China’s connected car market to be at the forefront of global innovation

40 percent of Chinese car buyers willing to switch car brands for better connected technology

Hong Kong, 25 October 2016

- Chinese consumers place more emphasis on in-car technology than on price or engine performance when it comes to buying a car, and 40% are willing to change brands for better connectivity, according to PwC’s 2016 ‘Connected Car Customer Survey’ in mainland China and Hong Kong.

The findings indicate that more than 75 percent of Chinese car buyers would be willing to increase spending on safety features, while 60 percent would pay more for vehicle management features that monitor usage, run diagnostics, and record accident data.

“With China’s tech-savvy consumers, governmental support and growing affluent population who are highly receptive to owning connected cars, China is expected to be in the forefront of connected car innovation. The challenge now remains for the auto industry to adopt the right mix of technology fit for China’s driving conditions and move towards dominating the global share of intelligent connected cars,” said Marco Fischer, Director of Automotive and Customer Practice, Experience Centre, PwC China

These figures come on the back of surging global sales volumes in connected car mobility, forecasted to grow by almost threefold during the next five years, from €47.2bn in 2017 to an expected €140bn in 2022, notes the survey.

More than 85% of Chinese car buyers would be eager to own an autonomous car, indicating that a majority of consumers trust vehicle technologies with strong desires to transform their driving experience. Similarly, car buyers cited their major concerns relating to autonomous driving to be 91% safety concerns, 86% cyber security, 83% the legal implications, while 80% cited cost.

Meanwhile, 80 percent of China’s car buyers would proactively look at purchasing upgrades to enhance their cars’ connected functions. Chinese consumers rank safety-related features such as collision prevention, danger warning, and emergency calling highest on the list of connected car offerings, followed by infotainment, navigation, vehicle status, and maintenance features.

China’s largest internet and technology players are already shaking up the automotive industry by accelerating new technologies to develop smart operating services and features for connected cars and autonomous driving.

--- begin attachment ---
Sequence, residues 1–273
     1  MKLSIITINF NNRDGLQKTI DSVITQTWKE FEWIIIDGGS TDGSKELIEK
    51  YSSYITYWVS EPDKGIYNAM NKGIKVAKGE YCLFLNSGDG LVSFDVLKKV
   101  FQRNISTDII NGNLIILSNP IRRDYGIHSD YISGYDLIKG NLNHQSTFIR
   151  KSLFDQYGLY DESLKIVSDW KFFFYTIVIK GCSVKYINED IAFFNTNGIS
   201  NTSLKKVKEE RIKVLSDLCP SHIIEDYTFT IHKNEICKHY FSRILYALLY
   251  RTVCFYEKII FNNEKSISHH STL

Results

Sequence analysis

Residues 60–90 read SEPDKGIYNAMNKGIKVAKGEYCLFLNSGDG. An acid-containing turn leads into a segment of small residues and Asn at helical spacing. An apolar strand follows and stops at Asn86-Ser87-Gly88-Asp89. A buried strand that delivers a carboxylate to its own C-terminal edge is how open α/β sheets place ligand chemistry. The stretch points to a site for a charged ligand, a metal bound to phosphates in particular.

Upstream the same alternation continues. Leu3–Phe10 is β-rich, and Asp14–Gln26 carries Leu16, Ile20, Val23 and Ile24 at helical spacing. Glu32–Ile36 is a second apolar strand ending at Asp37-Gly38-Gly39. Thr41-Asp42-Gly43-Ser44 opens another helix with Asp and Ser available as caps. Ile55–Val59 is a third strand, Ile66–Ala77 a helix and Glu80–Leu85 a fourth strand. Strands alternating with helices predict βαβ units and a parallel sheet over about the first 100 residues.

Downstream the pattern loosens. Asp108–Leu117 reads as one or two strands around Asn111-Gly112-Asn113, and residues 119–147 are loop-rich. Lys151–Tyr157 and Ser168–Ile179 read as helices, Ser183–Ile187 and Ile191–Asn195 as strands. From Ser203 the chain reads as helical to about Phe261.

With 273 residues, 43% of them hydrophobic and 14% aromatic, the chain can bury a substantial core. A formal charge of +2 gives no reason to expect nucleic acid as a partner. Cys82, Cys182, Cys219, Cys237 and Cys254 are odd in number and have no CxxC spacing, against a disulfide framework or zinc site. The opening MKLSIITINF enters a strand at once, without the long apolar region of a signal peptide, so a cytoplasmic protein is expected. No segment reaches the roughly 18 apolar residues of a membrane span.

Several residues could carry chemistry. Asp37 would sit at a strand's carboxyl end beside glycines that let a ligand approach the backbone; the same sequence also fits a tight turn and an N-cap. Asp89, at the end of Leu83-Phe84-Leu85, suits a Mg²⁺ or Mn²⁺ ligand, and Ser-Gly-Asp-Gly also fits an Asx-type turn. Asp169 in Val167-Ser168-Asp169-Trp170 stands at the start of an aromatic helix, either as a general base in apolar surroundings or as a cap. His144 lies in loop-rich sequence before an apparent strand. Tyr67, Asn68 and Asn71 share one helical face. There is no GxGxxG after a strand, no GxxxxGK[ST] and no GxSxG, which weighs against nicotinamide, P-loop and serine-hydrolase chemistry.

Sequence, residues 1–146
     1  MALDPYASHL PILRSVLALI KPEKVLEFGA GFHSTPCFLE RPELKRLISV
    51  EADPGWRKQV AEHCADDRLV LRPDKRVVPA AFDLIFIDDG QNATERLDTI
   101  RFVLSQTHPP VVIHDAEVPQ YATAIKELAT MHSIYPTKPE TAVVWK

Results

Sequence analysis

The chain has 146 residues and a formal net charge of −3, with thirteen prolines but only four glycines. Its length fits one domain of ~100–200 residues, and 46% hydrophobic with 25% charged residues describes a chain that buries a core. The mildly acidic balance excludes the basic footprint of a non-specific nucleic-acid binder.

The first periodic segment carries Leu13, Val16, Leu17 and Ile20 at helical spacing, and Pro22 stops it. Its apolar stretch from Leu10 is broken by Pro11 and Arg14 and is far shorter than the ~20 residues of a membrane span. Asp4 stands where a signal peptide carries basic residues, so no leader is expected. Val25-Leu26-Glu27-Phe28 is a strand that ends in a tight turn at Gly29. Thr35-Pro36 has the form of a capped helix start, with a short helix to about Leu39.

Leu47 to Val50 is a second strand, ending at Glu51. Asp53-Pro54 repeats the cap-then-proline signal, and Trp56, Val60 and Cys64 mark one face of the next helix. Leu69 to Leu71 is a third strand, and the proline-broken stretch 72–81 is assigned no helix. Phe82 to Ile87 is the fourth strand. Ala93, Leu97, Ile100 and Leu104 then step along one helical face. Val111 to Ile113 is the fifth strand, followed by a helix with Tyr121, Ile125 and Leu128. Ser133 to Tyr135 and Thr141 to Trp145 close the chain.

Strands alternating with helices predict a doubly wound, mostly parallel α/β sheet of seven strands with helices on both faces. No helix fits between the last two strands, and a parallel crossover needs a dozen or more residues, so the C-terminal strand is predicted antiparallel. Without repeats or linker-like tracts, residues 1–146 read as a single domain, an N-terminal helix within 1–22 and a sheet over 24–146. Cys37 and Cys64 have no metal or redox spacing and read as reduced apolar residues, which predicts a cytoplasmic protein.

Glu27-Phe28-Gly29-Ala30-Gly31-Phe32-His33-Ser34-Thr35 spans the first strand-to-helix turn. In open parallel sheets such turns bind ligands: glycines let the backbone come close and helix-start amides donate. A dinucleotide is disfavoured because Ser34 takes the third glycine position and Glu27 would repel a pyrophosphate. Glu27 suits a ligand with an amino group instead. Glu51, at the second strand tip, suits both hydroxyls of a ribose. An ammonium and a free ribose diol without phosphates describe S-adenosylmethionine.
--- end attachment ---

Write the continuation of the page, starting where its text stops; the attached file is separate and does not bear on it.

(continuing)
“To gain a competitive advantage against new entrants from technology companies, traditional automakers must identify the right, strategic partnerships between technology companies and auto-manufacturers in order to gain access to technologies. This will determine which brands can establish an eco-system of connectivity that can transform the driving experience of China’s digitally sophisticated consumers,” said Bill Peng, Partner of PwC’s Strategy&.

Will China be the fastest innovator?

In 2015, the country’s State Council announced its latest 10-year plan, Made in China 2025, with the goal of transforming the country into an innovation hub across a variety of sectors, including the auto industry. As a result, Chinese car buyers are already anticipating the imminent arrival of the fully connected car, supported by government policy for domestic companies working on connectivity and renewable-energy technologies, with the hope of making them industry leaders, both locally and globally.

PwC’s 2016 Connected Car Customer Survey findings are based on more than 3,000 responses from car buyers across mainland China and Hong Kong, adding to the findings from the global ‘Connected Car report 2016’, published by Strategy&, PwC’s strategy consulting business. The survey sheds light on attitudes to ‘connected car’ technology and the integration of digital connectivity within cars. Connected cars are defined as having access to the Internet and a variety of sensors, and thus able to send and receive signals, sense the physical environment around them, and interact with other vehicles or entities.

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